An aqueous solution of gold (III) (200 mg/L) in the form of HAuCl4 (100 mL) at pH 1.0 - 6.0 (adjusted using 0.1 M HCl or NaOH) was mixed with persimmon gel (17.0 mg, dry wt. basis) for 21 h at 30˚C.

2.2.2. Effect of Gold (III) Concentration on the Gold Removal by Persimmon Gel

A sample of the adsorbent (15.8 mg, dry wt. basis) was suspended in a solution (pH 5.00) containing the desired gold (III) concentration (i.e., 58.6 - 476 mg/L, 100 mL) for 21 h at 30˚C.

2.2.3. Effect of Gel Amount on Gold (III) Removal Using Perimmon Gel

Desired amounts of the persimmon gels were suspended in a 100 mL solution (pH 5.0) containing hydrogen tetrachloroaurate (III) (Au 198 mg/L) for 21 h at 30˚C.

2.2.4. Variations in Gold (III) Removal with Time

A sample of the adsorbent (14.9 mg, dry wt. basis) was suspended in a solution of hydrogen tetrachloroaurate (100 mL) containing 198 mg/L (1.00 mM) at 30˚C for the desired time between 1 h and 72 h.

2.2.5. Effect of pH on the Oxidation of Reduced Gold by Persimmon Gel

An aqueous solution of gold (III) (50 mg/L) in the form of hydrogen tetrachloroaurate (100 mL) at pH 5.0 (adjusted using 0.1 M NaOH) was mixed with persimmon gel (15.0 mg, dry wt. basis) for 21 h at 30˚C. Reaction mixture was centrifuged 15,000 rpm. After the removal of supernatant solution, remained sediment was mixed with 100 mL of 1.0 M thiourea solution (pH 1.0 - 5.0) for 1h at 30˚C. After the gold oxidation, reaction mixture was centrifuged 15,000 rpm and supernatant solution was filtered through membrane filter.

2.2.6. Effect of Time on the Second Time of Gold (III) Removal in the Gold Removal-Recovery Cycle

An aqueous solution of gold (III) (50 mg/L) in the form of hydrogen tetrachloroaurate (100 mL) at pH 5.0 (adjusted using 0.1 M NaOH) was mixed with persimmon gel (14.6 mg, dry wt. basis) for 21 h at 30˚C. Reaction mixture was centrifuged 15,000 rpm. After the removal of supernatant solution, remained sediment was mixed with 100 mL of 1.0 M thiourea solution (pH 1.0) for 1h at 30˚C. After the gold oxidation, reaction mixture was centrifuged 15,000 rpm. and supernatant solution was filtered through membrane filter. The gold content in the filtrate was measured using the above-mentioned method. After the centrifugation, the residual persimmon gel was mixed with gold (III) (50 mg/L) solution in the form of hydrogen tetrachloroaurate (100 mL) at pH 5.0 for 1 - 8 h at 30˚C.

2.2.7. Recycling of Gold Removal and Recovery by Persimmon Gel

An aqueous solution (100 mL) containing 50 mg/L gold (III) (0.25 μM) at pH 5.00 was mixed with persimmon gel (15.0 mg, dry wt. basis) for 21 h at the first time (for 6 h after the second time) at 30˚C. After gold removal reaction mixture was centrifuged at 15,000 rpm for 20 min. After removal of supernatant solution residual substance was mixed with 1 M thiourea solution (100 mL) for 1 h at 30˚C. These gold removal-recovery cycles were recycled 5 times.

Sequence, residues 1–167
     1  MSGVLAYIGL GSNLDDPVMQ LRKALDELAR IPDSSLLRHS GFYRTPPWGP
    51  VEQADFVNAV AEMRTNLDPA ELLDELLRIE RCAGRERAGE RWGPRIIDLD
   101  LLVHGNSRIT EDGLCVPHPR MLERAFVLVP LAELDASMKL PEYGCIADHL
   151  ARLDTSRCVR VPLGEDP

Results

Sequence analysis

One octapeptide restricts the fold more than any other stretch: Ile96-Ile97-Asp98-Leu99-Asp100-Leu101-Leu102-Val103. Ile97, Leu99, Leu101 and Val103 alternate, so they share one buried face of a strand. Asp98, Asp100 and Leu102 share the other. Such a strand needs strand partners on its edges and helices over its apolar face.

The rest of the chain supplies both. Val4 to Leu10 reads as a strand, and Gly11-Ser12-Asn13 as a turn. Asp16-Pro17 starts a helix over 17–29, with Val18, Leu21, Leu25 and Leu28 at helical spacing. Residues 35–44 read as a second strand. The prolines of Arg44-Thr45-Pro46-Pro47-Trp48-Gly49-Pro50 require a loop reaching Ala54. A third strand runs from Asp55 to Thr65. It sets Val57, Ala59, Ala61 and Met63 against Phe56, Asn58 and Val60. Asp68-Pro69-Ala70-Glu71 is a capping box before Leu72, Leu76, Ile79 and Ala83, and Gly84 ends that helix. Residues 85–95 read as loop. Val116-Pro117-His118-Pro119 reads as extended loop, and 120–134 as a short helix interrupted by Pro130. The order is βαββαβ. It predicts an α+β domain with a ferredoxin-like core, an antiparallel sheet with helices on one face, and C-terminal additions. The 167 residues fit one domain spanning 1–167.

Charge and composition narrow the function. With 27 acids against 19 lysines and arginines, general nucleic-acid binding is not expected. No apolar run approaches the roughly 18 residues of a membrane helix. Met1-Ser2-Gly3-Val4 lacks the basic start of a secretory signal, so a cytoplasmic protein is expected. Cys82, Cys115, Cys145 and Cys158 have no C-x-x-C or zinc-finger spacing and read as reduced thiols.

3. Results and Discussion

3.1. Effect of pH on Gold (III) Removal Using Persimmon Gel

We initially investigated the effect of pH on gold (III) removal from a gold (III) solution using persimmon gel. As previously reported, the amount of gold (III) removed from 10 mg/L Au (III) solution using persimmon gel by biosorption was highest at pH 2 to 3 [9]. Recently we found the amount of gold (III) removed from 50 mg/L Au (III) solution using Candida krusei cell by biosorption was highest at pH 3 within 1 h, weather that by biomineralization at highest at pH 4 within 72 h [10].

Effect of gold (III) removal was examined an aqueous solution of gold (III) (200 mg/L, 100 mL) and persimmon gel (17.0 mg, dry wt. basis) were mixed at pH 1 - 6 for 21 h at 30˚C. As shown in Figure 1, the amount of gold (III) removed

Figure 1. Effect of pH on the gold (III) removal from aqueous HAuCl4 solution using persimmon gel.

was the highest at 5 in this experimental condition.

This result suggests that longer incubation time may change the reaction mechanism responsible for gold removal. The solution containing 10 mg Au/mL nearly colorless for 1 h [13]. However, the color changed to dark red during the 21 h incubation period. Owing to the tetrachloroaurate ion having a negative charge, gold (III) can be effectively removed at pH 3 via adsorption [13]. It can be reduced to atomic gold (0) by the activity of persimmon tannin. Reduction occurred as shown in the following equation.

This equilibrium in an acidic solution is driven to the left; thus, suitable pH changed from 3.0 to 5.0.

3.2. Effect of Gold (III) Concentration on the Gold Removal Using Persimmon Gel

To determine the maximal ability of gold (III) removal at pH 5.0, we examined the mechanism by which the gold (III) concentration affected the gold removal by persimmon gels. The amount of gold removed (μmol/g dry weight gels) by persimmon gels increased with increased gold concentration, whereas the ratio of total amount of gold to the gold concentration decreased (Figure 2). When the gold (III) concentration was 476 mg/L (2420 μM), 5950 μmol gold/gram dry wt. gels were observed at pH 5.0.

Figure 2. Effect of Initial Gold (III) Concentration on the removal of gold (III) by persimmon Gel. Squares: gold removed (%), Circles: gold removed (μmol/g dry wt. gels).

3.3. Effect of Gel Amount on the Gold Removal Using Persimmon Gel